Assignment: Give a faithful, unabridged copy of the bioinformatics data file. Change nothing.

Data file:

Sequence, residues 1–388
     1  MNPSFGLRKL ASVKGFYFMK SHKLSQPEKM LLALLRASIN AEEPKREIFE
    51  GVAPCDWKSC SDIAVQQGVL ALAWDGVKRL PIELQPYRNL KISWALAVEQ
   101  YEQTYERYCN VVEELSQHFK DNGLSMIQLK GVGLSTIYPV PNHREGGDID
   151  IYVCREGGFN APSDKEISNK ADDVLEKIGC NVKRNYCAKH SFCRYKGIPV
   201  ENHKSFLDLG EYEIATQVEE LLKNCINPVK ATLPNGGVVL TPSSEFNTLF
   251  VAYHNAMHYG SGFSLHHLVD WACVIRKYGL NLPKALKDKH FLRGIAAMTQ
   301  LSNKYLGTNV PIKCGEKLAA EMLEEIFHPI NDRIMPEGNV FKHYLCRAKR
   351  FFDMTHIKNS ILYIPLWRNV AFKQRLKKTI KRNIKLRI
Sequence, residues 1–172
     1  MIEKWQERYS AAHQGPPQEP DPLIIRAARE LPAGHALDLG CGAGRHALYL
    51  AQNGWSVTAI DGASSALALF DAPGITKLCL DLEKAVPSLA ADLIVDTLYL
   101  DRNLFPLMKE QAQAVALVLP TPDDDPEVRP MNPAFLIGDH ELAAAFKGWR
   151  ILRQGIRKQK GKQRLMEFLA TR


Sequence, residues 1–388
     1  MNPSFGLRKL ASVKGFYFMK SHKLSQPEKM LLALLRASIN AEEPKREIFE
    51  GVAPCDWKSC SDIAVQQGVL ALAWDGVKRL PIELQPYRNL KISWALAVEQ
   101  YEQTYERYCN VVEELSQHFK DNGLSMIQLK GVGLSTIYPV PNHREGGDID
   151  IYVCREGGFN APSDKEISNK ADDVLEKIGC NVKRNYCAKH SFCRYKGIPV
   201  ENHKSFLDLG EYEIATQVEE LLKNCINPVK ATLPNGGVVL TPSSEFNTLF
   251  VAYHNAMHYG SGFSLHHLVD WACVIRKYGL NLPKALKDKH FLRGIAAMTQ
   301  LSNKYLGTNV PIKCGEKLAA EMLEEIFHPI NDRIMPEGNV FKHYLCRAKR
   351  FFDMTHIKNS ILYIPLWRNV AFKQRLKKTI KRNIKLRI
Sequence, residues 1–172
     1  MIEKWQERYS AAHQGPPQEP DPLIIRAARE LPAGHALDLG CGAGRHALYL
    51  AQNGWSVTAI DGASSALALF DAPGITKLCL DLEKAVPSLA ADLIVDTLYL
   101  DRNLFPLMKE QAQAVALVLP TPDDDPEVRP MNPAFLIGDH ELAAAFKGWR
   151  ILRQGIRKQK GKQRLMEFLA TR